Far out, man!  These guys were so far ahead of their time ..............


 Feghoot wrote:
I guess you had to be stoned - sober they suck.
 

This comes from someone who gave the Beatle's a one and R.E.M a two. Do you eat children ?
While I'm at it, Renton, well it's more like "Low-Rent-Town", and that chill-en is why Boeing own's the entire North-end.
Yer windows ever Rattle and Hum ?

Hey Bill; is it just me or is this a different mix from the track on the album pictured?        {#Ask}


Robby Krieger by ~Rock-Spirit
Elke  ©2008-2010 ~Rock-Spirit

This is the band of old The Doors-members Ray Manzarek and Robby Krieger. Because mr Manzarek couldn't get away from his beloved keyboards, we couldn't take a picture of him. So here's Robby Krieger, who was just playing 'Love Me Two Times' when I took this picture.

———————————————————————————————————-

Robert Alan "Robby" Krieger was in The Doors with keyboard player Ray Manzarek, drummerJohn Densmore and vocalistJim Morrison. At an early Doors rehearsal Morrison heard Krieger playing bottleneck guitar and initially wanted the technique featured on every song on the first album. Krieger's fingerstyle approach to the electric guitar, eclectic musical tastes, and songwriting helped establish The Doors as a successful rockband in the 1960s. His only singing with the early Doors can be heard on the album The Soft Parade, on the song "Runnin' Blue".  





Still love this song after all these decades..{#Music}
You had to be there.  I'm glad I was.  RIP, Jim.  Love the Doors.
Baby please don't cry!! 

Love this song! 
Even without Morrison's voice, the Doors' sound is very distinctive.
I can't see your face in my mime.
gently...very gently...
gently... after caravan with.. George Winston...
One of the strangest album covers ever.
Jim, i can't hear your voice in my mind neither

Wrong on both counts, champ.

 Feghoot wrote:
I guess you had to be stoned - sober they suck.
 


Digging the guit and glock.
I gotta dock this a point for the mime.
makes me feel very melancholic (theres a 60's word) - today just completely down on my knees and weeping
I guess you had to be stoned - sober they suck.
when you listen to all of the elements of this song, well, you can hear such a unique melange of ideas. I love it as it all comes together :) Thank you Bill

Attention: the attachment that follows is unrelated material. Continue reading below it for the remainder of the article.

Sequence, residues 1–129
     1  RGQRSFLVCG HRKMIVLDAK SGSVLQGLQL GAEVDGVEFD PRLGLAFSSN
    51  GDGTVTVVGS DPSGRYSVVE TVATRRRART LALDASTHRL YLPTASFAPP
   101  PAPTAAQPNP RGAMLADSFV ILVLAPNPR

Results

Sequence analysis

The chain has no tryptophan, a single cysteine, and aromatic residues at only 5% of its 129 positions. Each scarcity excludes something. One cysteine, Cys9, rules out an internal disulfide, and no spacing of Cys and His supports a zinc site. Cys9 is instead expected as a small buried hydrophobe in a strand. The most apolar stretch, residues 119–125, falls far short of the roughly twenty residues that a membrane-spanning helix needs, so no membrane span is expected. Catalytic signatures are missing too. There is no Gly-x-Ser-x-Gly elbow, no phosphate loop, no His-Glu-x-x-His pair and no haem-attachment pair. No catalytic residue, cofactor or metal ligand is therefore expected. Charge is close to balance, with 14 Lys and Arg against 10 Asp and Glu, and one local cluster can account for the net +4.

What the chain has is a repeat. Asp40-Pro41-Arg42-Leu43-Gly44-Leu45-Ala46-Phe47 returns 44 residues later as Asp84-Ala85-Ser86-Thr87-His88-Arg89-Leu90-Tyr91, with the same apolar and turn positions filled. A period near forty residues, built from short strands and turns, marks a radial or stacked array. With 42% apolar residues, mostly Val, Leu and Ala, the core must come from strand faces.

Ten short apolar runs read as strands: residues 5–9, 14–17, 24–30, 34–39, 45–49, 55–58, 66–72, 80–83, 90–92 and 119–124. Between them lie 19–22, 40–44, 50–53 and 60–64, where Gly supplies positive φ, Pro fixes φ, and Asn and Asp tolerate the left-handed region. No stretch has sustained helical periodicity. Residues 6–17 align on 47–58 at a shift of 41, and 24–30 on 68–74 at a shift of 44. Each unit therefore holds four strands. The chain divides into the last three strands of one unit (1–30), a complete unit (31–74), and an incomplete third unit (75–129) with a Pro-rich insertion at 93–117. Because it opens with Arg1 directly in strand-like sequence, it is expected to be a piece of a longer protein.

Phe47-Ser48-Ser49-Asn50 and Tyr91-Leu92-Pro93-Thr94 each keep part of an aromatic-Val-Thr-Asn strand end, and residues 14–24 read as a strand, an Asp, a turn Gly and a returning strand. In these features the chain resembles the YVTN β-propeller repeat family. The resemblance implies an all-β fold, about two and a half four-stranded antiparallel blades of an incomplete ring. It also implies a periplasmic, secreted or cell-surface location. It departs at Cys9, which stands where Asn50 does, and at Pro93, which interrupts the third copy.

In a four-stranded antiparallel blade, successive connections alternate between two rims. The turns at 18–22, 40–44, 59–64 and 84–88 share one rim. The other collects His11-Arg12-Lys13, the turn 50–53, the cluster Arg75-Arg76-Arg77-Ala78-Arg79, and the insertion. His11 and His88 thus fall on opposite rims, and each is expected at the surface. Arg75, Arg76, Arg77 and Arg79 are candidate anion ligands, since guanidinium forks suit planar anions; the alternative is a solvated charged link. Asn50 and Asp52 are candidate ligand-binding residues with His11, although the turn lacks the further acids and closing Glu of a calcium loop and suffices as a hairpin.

mandolin wrote:
...bill apparently cannot play that rendition of spanish caravan without following it by some doors track or another...
he clearly feels guilty about the former but can't stop playing it.
buckskin wrote:
MMMMMMMMMM - this was a concept album B4 the concept of concepts become a concept
Well... not really. It's a fantastic album, no question, but it's not really a concept, as there's no real unifying musical or lyrical structure.
...bill apparently cannot play that rendition of spanish caravan without following it by some doors track or another...
Yup, was just thinking the same thing. Cheers
Cool segs Bill :cheers: 3)The Doors - I Can't See Your Face In My Mind 2)George Winston - Spanish Caravan 1)Rodrigo Y Gabriela - Diablo Rojo
Glad to see this one held up pretty well Loved the Doors back when I was young and some hasn't aged as well as others. This one has, methinks.
Pyro wrote:
:yawn:
Would "Light My Fire" B more to UR liking?
sans wrote:
...people are strange.
Would "Light My Fire" B more to UR liking?
God I love it! Can it get much stranger than this? Jim, you were so far out there, man. Someday you're gonna come and get me, and we're gonna go out for a ride and get stoned with these people ALL RIGHT!
Pyro wrote:
:yawn:
...people are strange.
MMMMMMMMMM - this was a concept album B4 the concept of concepts become a concept
Dayglow wrote:
It's always nice to see some Doors that doesn't get the airplay of some of their other songs. Change is good.
True. Almost makes me want to move to California.
:eek:
very cool.
:yawn:
It's always nice to see some Doors that doesn't get the airplay of some of their other songs. Change is good.